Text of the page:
To me, finding the right therapist and having that safe space to talk is worth its weight in gold because I’m in a far better mindset than I was prior to those six sessions.


I see it as an investment in myself, the same way I’d invest in seeing an osteopath for a bad back or a business consultant to grow my company. 




Will I go back to therapy? Probably


Right now, I’m in a good place and I don’t feel the need to see a therapist, but I would absolutely go back into therapy in future if I found myself feeling differently, and I wouldn’t wait until I was in dire straits mentally.


For me, it’s comforting to know the option is there as and when it’s needed.


After all, we’re complex beings, and how we feel is not black and white. We don’t veer from fine-and-dandy to full-blown-crisis: there’s a world of nuance in between the two.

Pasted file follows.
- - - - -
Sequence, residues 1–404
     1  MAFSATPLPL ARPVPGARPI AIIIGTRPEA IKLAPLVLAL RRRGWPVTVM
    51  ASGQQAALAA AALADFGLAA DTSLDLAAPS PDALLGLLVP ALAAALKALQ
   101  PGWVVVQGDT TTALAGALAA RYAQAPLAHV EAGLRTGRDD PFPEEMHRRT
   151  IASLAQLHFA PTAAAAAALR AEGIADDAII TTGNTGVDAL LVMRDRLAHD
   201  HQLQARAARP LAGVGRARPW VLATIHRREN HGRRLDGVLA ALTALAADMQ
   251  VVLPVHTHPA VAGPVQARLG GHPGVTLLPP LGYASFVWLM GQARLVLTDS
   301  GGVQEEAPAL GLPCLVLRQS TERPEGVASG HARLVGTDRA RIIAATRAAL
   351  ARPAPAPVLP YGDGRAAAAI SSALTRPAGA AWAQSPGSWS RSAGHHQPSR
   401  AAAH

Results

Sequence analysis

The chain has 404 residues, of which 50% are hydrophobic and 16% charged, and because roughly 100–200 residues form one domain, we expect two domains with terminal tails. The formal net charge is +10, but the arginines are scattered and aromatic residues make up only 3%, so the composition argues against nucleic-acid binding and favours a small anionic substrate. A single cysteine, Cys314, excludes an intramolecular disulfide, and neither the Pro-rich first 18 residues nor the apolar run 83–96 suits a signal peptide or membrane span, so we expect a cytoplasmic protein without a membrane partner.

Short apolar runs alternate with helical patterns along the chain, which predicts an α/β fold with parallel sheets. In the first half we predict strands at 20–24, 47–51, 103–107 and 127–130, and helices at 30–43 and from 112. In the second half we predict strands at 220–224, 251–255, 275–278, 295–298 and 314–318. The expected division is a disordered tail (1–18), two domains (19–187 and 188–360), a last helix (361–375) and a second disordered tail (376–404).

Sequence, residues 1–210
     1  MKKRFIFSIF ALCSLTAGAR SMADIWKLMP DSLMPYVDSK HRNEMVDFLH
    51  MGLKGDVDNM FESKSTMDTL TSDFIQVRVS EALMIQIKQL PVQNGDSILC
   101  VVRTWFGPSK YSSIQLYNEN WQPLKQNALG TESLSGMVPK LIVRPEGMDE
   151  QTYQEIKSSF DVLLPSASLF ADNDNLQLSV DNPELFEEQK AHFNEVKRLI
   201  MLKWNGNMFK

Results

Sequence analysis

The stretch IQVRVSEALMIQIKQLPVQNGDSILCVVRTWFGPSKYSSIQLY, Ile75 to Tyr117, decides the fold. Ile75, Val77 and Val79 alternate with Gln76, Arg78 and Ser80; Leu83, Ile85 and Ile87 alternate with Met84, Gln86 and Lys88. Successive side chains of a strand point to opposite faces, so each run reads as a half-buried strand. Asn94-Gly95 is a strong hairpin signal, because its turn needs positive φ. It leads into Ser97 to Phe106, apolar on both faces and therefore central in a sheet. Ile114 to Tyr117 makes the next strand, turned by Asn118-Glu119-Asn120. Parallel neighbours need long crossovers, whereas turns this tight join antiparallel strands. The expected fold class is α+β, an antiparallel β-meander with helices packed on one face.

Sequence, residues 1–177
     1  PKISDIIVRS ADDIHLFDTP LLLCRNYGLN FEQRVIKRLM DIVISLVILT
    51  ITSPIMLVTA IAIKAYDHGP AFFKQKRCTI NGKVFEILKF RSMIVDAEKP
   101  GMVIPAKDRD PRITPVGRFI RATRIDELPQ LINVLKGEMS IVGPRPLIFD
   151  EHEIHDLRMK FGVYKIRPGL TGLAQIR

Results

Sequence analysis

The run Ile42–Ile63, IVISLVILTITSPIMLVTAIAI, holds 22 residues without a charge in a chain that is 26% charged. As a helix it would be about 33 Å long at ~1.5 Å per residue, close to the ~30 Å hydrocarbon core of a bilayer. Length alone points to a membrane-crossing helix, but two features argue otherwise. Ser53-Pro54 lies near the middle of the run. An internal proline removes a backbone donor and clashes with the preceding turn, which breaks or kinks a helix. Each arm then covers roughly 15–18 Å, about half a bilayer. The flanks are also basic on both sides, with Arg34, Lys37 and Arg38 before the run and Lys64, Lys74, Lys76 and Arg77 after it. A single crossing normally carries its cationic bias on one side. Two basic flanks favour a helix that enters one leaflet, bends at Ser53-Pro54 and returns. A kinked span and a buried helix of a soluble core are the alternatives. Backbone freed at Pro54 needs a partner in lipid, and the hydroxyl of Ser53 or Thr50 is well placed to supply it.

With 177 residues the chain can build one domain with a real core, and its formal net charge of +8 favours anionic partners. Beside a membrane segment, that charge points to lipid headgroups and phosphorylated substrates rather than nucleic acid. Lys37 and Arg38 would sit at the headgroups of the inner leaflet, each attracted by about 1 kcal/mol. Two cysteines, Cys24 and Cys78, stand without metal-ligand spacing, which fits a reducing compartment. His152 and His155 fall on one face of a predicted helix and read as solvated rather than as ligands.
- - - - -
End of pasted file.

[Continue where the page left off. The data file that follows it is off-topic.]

If you’ve never tried therapy and you’re curious about how it could help you reduce your anxiety, improve your relationships, change your perspective on a certain situation, or simply move through life with more ease and confidence, I would highly recommend searching for a therapist who can start that journey with you. 


As always, thank you for reading,


Kate x


*TMI - too much information!

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When I’m not at the bench creating jewellery or sitting at the laptop writing my next blog post for you, I can usually be found cuddling our fluffball of a cat, Kenji, watching Tottenham getting thrashed with my eldest son, or playing table tennis with my youngest at the kitchen table. Oh, and I happen to be married to the most supportive man, who still makes me giggle after all our years together. Yep, I lucked out there didn't I?